Drybar: An Instagram Success Story

How did I find out about Drybar, a chain of blow dry only salons, that doesn’t even have a location in Canada?

Instagram. One day I was exploring the ‘explore’ tab and found one of their photos. I’ve been following them since.

Drybar’s Instagram is a hair lover’s paradise, with soothing tones, bursts of their signature Buttercup yellow, and content from their own stylists and customers alike. But what makes their Instagram so effective? While it is a blend of talents and strengths that make them successful, I’ve identified their key strengths:

  1. Having a ‘brand ambassador’
Alli Webb, founder and face of Drybar

Alli Webb is the founder of Drybar, and also acts as the face of the brand. She is often seen in videos and photos on the account, and also in the Instagram stories. Having her consistently present in their feeds gives customers and viewers a relatable face that they can connect to the brand. Since the account is personable and friendly, it inclines people to follow, and hopefully enter the salons offline.

2. A consistent aesthetic

Their signature colour Buttercup Yellow appears all over their account and their salons.

Drybar’s aesthetic is clean, crisp, bright, with pops of their signature colour — Buttercup yellow. I remember watching an interview with Alli, and her saying that having that yellow be their colour was an intentional choice. It didn’t just happen, they set out to create an aesthetic within their salons that would then be reflected on social media. Having a consistent aesthetic is visually pleasing for viewers of the feed, and their colour palette is relaxing and fun — which is probably the vibe they want to give off in their salons. Translating the feeling inside their salons to an online platform could be difficult, but by maintaining the same aesthetic they do within the stores online, they created a seamless transition.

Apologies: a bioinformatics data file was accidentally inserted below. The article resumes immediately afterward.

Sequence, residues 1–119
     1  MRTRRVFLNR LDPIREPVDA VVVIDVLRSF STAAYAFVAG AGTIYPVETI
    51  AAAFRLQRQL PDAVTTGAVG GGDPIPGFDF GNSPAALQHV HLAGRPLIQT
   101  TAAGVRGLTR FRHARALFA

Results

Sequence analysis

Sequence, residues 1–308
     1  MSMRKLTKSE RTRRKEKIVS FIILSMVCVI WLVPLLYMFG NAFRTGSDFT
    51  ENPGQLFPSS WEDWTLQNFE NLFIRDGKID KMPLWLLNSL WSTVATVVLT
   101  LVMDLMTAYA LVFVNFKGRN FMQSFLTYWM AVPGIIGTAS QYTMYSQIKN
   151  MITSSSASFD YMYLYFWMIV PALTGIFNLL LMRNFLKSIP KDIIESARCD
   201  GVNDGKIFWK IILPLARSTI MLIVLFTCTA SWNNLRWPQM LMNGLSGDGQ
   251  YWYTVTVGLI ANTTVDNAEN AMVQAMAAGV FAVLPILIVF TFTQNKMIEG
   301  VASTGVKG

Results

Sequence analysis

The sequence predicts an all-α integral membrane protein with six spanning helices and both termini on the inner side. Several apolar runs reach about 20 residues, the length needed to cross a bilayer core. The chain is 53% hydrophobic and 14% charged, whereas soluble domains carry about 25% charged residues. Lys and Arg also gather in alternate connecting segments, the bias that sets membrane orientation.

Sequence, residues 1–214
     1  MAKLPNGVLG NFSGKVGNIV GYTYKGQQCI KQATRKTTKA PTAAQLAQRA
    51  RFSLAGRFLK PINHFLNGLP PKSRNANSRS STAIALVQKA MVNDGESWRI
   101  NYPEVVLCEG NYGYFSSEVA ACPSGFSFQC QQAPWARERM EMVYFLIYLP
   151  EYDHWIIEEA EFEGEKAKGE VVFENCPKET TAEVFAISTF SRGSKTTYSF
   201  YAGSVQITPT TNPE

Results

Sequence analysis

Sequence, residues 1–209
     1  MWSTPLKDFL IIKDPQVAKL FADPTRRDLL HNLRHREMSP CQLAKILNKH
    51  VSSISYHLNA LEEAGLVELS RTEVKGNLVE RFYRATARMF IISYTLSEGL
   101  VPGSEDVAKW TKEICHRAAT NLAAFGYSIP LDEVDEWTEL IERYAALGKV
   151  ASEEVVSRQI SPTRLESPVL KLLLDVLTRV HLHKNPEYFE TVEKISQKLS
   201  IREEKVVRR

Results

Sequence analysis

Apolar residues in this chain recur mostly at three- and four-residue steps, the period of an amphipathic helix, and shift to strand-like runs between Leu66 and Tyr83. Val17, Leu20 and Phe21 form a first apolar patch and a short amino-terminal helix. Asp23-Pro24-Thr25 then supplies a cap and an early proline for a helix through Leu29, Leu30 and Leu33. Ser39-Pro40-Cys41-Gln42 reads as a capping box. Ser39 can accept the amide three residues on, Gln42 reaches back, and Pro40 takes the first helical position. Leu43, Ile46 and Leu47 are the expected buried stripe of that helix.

3. Partnering with Brands & Bloggers

I can tell you for a fact I do not look this cute while spinning.

Drybar strategically partners with other accounts and brands on Instagram. Partnering with notable other profiles allows cross account promotion, as well as aligning yourself with a specific demographic.

Take for example their partnership with Soulcycle. Alli and a bunch of other ladies (including bloggers who then posted on their own accounts) took a Soulcycle class and then went to a Drybar to get their blow outs. Ladies who have the money to spend on a Soulcycle class will also have the discretionary income to get their hair done on a whim. Partnering with Soulcycle was strategic because it brings in potential new clientele, as well as social media exposure.

4. Staying on top of trends and events

Golden Globes look-a-like.

During award show seasons, Drybar on Instagram will show their favourite hair styles, and often show how to create a similar look. They also post when it’s their favourite celebs birthday, or fun and sassy quotes that are popular on sites like Pinterest. By staying current, they can capitalize on traffic from hashtags and what’s trending on Instagram.

5. Featuring customer content

Drybar’s Instagram heavily features content from their own customers. Customers will post products or their blow outs on Instagram and then they will repost onto the Drybar account. This creates engagement with their audience. It feels less like a brand, and more like a lifestyle. Also on Drybar’s end, it aids in their own content creation; they can see what customers like and don’t like, and also have plenty of content to repost.

Drybar’s Instagram is successful for these five reasons. But there’s also something that may be harder to pinpoint that creates their success. I love following Drybar because of the feeling I get while viewing their feed. It’s relaxing, fun, and bright to follow their account. And while all of these things can compose that feeling, there also has to be a bit of serendipity or magic to make that feeling happen. And that quality may be harder to uncover.